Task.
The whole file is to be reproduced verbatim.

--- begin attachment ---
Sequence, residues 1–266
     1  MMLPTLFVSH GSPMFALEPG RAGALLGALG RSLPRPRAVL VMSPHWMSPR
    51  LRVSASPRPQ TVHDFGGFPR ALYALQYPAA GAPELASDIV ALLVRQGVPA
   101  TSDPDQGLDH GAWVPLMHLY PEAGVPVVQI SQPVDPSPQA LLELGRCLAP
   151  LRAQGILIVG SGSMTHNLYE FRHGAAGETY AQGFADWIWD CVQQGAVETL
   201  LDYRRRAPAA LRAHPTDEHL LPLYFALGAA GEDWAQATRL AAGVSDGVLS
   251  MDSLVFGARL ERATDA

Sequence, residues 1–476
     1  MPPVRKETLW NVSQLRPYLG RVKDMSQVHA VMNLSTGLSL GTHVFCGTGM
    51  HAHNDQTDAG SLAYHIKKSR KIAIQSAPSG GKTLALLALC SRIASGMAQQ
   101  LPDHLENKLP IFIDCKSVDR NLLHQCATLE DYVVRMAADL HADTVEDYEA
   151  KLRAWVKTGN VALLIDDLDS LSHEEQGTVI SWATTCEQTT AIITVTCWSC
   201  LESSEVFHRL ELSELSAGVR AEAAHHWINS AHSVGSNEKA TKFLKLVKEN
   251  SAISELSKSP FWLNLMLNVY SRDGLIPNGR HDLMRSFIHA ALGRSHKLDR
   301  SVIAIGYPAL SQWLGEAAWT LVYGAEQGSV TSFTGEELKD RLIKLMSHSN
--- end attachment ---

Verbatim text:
Sequence, residues 1–266
     1  MMLPTLFVSH GSPMFALEPG RAGALLGALG RSLPRPRAVL VMSPHWMSPR
    51  LRVSASPRPQ TVHDFGGFPR ALYALQYPAA GAPELASDIV ALLVRQGVPA
   101  TSDPDQGLDH GAWVPLMHLY PEAGVPVVQI SQPVDPSPQA LLELGRCLAP
   151  LRAQGILIVG SGSMTHNLYE FRHGAAGETY AQGFADWIWD CVQQGAVETL
   201  LDYRRRAPAA LRAHPTDEHL LPLYFALGAA GEDWAQATRL AAGVSDGVLS
   251  MDSLVFGARL ERATDA

Sequence, residues 1–476
     1  MPPVRKETLW NVSQLRPYLG RVKDMSQVHA VMNLSTGLSL GTHVFCGTGM
    51  HAHNDQTDAG SLAYHIKKSR KIAIQSAPSG GKTLALLALC SRIASGMAQQ
   101  LPDHLENKLP IFIDCKSVDR NLLHQCATLE DYVVRMAADL HADTVEDYEA
   151  KLRAWVKTGN VALLIDDLDS LSHEEQGTVI SWATTCEQTT AIITVTCWSC
   201  LESSEVFHRL ELSELSAGVR AEAAHHWINS AHSVGSNEKA TKFLKLVKEN
   251  SAISELSKSP FWLNLMLNVY SRDGLIPNGR HDLMRSFIHA ALGRSHKLDR
   301  SVIAIGYPAL SQWLGEAAWT LVYGAEQGSV TSFTGEELKD RLIKLMSHSN